Newspaper article The Christian Science Monitor

World's Verdict: Apartheid Is Dead

Newspaper article The Christian Science Monitor

World's Verdict: Apartheid Is Dead

Article excerpt

SOUTH Africa is rapidly coming in from the cold. Ever since white voters in March overwhelmingly backed continued negotiations with the African National Congress (ANC), a once-hostile world has been falling all over itself to ease South Africa's outcast status.

Among the most symbolic of recent recognitions was the welcome of South African President Frederik de Klerk to Abuja, Nigeria's new capital. Maj. Gen. Ibrahim Babangida, president of Nigeria, is also the current chairman of the Organization of African Unity (OAU).

When President Babangida last month rolled out the red carpet for President De Klerk, he conveyed the approval not only of Africa's most populous nation, but, informally, also of the rest of Africa. South Africa intends to apply for membership in the OAU later this year.

Remarkably, Nigeria's invitation to De Klerk was decided in Nigeria without the consultation or concurrence of the ANC. Nelson Mandela, president of the ANC, protested strongly, but Nigerian Foreign Minister Ike Nwachukwu replied that Nigeria's policies would be decided upon only by the interests of Nigeria. As far as Nigeria was concerned, the process of change in South Africa was "irreversible."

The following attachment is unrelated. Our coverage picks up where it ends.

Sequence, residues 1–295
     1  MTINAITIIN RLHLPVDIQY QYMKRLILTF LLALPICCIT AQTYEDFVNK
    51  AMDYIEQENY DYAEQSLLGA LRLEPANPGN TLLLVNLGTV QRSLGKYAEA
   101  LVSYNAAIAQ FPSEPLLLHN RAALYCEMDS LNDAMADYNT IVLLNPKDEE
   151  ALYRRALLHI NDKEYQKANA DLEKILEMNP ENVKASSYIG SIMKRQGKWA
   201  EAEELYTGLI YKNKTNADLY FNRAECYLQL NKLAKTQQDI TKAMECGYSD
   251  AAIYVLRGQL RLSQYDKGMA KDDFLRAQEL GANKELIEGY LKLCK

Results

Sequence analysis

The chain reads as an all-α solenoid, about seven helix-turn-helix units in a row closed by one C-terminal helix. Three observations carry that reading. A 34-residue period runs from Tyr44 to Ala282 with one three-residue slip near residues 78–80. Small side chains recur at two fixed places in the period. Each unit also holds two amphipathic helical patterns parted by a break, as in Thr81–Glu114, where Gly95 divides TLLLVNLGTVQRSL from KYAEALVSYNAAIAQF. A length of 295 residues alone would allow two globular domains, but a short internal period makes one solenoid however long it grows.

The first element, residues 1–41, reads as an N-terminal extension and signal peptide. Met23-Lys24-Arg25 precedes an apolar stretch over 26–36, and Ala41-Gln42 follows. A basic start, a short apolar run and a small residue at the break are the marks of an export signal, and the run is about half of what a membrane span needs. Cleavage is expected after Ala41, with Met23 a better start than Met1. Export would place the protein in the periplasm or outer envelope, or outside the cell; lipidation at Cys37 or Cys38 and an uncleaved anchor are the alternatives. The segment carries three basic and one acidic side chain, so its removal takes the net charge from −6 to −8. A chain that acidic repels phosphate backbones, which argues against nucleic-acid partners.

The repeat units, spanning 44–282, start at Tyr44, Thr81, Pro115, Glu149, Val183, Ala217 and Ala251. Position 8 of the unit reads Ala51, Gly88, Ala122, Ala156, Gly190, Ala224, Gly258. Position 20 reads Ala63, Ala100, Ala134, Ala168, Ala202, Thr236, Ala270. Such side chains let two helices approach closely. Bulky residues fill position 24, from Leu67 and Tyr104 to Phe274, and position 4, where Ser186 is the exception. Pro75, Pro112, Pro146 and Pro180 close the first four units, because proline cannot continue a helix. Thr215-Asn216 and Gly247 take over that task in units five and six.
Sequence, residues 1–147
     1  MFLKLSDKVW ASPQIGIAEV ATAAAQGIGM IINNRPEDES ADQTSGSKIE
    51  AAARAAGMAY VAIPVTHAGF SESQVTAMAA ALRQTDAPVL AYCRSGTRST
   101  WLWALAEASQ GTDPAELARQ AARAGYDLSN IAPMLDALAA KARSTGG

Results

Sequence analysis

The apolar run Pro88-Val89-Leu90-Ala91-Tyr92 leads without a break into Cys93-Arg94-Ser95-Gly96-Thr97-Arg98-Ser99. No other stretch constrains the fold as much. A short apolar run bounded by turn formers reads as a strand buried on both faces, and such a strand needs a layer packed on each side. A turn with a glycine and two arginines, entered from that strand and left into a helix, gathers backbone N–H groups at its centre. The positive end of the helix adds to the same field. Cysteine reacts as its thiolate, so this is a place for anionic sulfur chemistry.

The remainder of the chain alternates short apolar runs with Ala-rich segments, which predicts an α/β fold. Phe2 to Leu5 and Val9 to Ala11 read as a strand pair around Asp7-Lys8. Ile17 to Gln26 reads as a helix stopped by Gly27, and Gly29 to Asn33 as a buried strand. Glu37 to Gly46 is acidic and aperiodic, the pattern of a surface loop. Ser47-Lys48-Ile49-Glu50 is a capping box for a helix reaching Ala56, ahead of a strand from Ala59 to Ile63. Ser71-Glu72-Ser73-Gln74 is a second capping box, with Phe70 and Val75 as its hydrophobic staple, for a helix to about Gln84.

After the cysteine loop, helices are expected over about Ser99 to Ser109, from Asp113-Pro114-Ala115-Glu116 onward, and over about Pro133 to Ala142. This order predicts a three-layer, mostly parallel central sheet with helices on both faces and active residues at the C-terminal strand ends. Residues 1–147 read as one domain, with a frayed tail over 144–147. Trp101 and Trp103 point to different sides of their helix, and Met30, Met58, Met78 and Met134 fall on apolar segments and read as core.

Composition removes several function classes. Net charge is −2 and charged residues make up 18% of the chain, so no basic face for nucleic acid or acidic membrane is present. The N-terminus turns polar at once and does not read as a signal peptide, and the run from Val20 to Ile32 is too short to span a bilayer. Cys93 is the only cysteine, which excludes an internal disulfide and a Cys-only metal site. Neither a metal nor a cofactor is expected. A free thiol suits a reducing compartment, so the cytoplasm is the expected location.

Elsewhere in Africa, long hostile nations are seeking South Africa's favor. Tanzania, for decades the home of exiled ANC guerrillas in training, has given South Africa rights to fly over its air space.

Tanzanian businessmen have also persuaded their government to request South African Airways (SAA) to fly to and from Johannesburg and Dar es Salaam. SAA already flies to and from Kenya and the Ivory Coast, as well as to neighboring countries like Zambia and Botswana. Last month, for the first time in 20 years, SAA also resumed flying to Luanda, the capital of Angola.

Diplomatic relations, including the exchange of ambassadors, are about to be resumed with the Ivory Coast and Zambia. (For decades, South Africa's only ambassador in black Africa was based in authoritarian Malawi.)

The Seychelles, off the east coast of Africa, says that it will soon resume diplomatic and trading ties to South Africa. Tiny Djibuti has done the same. …

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